Currency Issues and Travel Advice

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There are so many things to do before traveling abroad—plan the trip, get your passport up to date, arrange for someone to keep an eye on the house, get a pet sitter and check out the best credit and debit cards for international travelers.

Web sites such as Bankrate compare credit and debit cards to get you the best deal. What you are looking for is to get no fees or to reduce as many fees as possible. Savvy travelers may even take out a new card just for international traveling. Visa and MasterCard are well known; American Express is less universally accepted, and Discover is virtually unknown in Europe and South America. If possible, it’s a good idea to have an extra debit or credit card. Things happen, and nothing can ruin a trip faster than losing a card, having it stolen, demagnetized or “eaten.”

Check the expiration date on your card and get a new one if it expires during or soon after your trip. Talk to your bank and let them know where and when you will be traveling to avoid being denied because of unusual activity on your card. Ask for your pin numbers for all cards; they’re sometimes required overseas. Since this information is sent by mail, be sure to allow enough time for them to arrive at your home.

After you arrive at your destination, take out $200 to $300, using your debit card, from a bank that charges low ATM fees, and keep the cash safe in your money belt. Then, pay cash for everything you can, especially small purchases. If you’re heading off to a small town, plan to use cash because ATMs may not be available. For your hotel, shops, restaurants and travel agencies, credit cards are useful. For car rentals, you may want to use a separate credit card to cover the collision damage waiver.

Another good idea is to use the ATMs that are associated with a local bank. Then if your card is “eaten,” you can go inside and register a complaint. Many ATMs dispense large bills, so you can go right into the bank and exchange some of the large bills. These ATMs generally have lower fees than independent ATMs; thus, you get a better deal.

Remember that you will be withdrawing money in the local currency. Convert your withdrawal into the local currency and stay below the local limit for the day. Also, ATM machines may have a maximum that you can withdraw in one day.

Research the local coinage before you travel; become familiar with the money and understand how the exchange margin works. Banks and others sell currency for more than they buy it; this is the exchange margin. Play around with the figures to see how this works and then change a couple of hundred dollars before you travel in order to have cash on hand for taxis, meals and tips when you arrive. Travelex is generally regarded as a good site to purchase currency. Don’t change all of your money, however, because you can probably get a better deal in the country you are traveling to. Avoid at all costs the high rates charged by the currency exchange booths in airports; their rates are usually predicated on the traveler’s urgent need to obtain local currency. When you’re flying home, spend your money on magazines, snacks or a meal. You will not be able to exchange coins once you arrive home, only bills. If you exchange currency in the airport kiosks as you land, and again when you leave, you’re losing money twice!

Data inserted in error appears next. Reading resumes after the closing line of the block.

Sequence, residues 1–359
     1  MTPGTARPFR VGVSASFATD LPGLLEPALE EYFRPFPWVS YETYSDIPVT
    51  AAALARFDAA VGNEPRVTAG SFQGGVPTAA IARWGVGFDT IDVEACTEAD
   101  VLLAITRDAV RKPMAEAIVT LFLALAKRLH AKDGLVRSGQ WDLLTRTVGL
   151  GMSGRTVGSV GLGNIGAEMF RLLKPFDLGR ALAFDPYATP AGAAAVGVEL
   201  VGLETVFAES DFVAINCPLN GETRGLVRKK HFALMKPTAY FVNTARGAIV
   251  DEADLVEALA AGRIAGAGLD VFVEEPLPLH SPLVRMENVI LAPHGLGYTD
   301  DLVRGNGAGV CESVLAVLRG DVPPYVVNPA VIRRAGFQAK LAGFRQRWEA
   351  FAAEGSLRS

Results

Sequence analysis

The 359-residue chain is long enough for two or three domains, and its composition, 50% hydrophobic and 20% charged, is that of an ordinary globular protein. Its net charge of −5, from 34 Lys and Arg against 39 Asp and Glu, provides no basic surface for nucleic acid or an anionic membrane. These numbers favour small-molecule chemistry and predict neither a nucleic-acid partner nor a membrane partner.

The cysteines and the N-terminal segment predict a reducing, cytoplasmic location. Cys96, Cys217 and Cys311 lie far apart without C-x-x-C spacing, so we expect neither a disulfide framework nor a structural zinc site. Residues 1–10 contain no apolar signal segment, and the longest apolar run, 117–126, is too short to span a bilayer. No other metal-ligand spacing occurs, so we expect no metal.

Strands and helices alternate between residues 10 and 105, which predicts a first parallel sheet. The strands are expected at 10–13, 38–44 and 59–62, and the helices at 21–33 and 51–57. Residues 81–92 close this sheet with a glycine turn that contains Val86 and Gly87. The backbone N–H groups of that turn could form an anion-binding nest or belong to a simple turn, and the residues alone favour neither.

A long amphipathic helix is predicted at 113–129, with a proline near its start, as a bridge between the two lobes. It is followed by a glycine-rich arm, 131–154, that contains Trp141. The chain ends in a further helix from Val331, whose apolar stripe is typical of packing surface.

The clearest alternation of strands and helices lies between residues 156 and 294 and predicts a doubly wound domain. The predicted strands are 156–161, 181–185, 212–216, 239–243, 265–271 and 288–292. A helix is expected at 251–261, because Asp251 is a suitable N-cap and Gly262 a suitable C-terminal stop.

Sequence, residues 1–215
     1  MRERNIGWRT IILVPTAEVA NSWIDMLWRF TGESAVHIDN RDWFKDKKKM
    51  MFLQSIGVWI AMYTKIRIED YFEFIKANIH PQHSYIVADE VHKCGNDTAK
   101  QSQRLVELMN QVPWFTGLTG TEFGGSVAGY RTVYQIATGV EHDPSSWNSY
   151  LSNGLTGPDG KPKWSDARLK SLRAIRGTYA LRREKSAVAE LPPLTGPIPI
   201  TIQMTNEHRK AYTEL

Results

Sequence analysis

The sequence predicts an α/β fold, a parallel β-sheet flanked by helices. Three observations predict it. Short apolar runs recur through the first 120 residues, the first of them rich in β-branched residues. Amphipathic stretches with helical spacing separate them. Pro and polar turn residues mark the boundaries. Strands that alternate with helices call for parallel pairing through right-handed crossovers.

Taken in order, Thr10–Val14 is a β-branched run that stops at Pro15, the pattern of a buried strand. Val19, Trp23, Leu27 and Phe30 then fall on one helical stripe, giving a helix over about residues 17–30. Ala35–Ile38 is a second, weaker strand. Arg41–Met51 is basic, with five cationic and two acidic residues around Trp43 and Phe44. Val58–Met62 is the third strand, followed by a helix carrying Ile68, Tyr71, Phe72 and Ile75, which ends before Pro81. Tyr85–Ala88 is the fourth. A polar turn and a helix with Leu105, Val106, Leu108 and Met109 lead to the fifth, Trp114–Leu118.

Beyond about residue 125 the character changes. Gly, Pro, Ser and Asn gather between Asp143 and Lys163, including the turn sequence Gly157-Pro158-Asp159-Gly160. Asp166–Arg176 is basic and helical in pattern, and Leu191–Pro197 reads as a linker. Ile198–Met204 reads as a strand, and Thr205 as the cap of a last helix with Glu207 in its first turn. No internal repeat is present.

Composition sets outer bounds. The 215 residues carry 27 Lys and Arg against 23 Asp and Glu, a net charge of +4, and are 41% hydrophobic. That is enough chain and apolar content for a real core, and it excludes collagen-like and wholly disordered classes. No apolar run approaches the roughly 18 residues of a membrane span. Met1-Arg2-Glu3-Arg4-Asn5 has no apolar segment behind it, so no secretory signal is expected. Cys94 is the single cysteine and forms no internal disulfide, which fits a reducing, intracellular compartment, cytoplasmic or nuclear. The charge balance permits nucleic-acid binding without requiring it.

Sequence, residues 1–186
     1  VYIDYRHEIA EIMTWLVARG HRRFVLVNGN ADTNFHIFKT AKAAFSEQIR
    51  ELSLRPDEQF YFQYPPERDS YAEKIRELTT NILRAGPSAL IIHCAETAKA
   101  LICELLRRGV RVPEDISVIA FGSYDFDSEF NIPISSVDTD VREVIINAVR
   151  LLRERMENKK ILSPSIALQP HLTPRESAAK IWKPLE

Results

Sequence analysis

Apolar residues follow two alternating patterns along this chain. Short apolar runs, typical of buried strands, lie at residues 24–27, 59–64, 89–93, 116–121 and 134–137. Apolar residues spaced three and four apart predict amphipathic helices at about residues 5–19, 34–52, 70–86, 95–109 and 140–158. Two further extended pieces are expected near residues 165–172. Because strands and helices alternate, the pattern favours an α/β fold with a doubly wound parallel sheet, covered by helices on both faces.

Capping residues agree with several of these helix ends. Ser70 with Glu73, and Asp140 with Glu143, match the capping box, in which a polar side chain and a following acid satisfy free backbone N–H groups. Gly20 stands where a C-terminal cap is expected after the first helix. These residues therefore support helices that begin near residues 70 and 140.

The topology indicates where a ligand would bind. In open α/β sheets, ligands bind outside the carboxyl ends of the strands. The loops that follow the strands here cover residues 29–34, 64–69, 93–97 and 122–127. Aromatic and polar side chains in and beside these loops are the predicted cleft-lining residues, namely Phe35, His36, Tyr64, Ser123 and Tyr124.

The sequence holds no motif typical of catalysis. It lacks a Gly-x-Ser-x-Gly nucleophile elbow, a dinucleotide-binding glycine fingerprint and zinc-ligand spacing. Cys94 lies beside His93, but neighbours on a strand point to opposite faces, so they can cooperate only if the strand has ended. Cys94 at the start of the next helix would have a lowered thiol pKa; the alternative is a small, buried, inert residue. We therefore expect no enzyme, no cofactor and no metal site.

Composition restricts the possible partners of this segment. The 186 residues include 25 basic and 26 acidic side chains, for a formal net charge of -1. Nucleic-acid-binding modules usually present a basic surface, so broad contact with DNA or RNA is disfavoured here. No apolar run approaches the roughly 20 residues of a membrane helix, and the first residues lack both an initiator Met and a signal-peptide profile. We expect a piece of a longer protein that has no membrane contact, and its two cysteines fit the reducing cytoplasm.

Should you buy travel insurance or not? First of all, do your research. See what it costs and what is covered. According to a recent survey, less than 30 percent of travelers buy it, but given the volatility of today’s world, not to mention the real possibility of getting sick, travel insurance might be a good idea to protect you against devastating bills and allow you to recover your money for interrupted travel. There are different kinds of travel insurance, such as trip cancellation — available for any reason — trip interruption, delays, financial default (remember WOW Air earlier this year?), travel medical insurance coverage, medical transportation coverage, accidental death and dismemberment (car crashes are a common reason), and terrorism-related coverage. It’s scary to think of all the things that can go wrong, but at home you are probably protected with these policies already. Unfortunately, they may not be valid outside the United States. Still, check and see what your current policies cover. Then, consider what you many need to buy in the unlikely event weather or illness intervenes.

Just do your research and once you have covered your bases, bon voyage! Enjoy your well-deserved trip. ■

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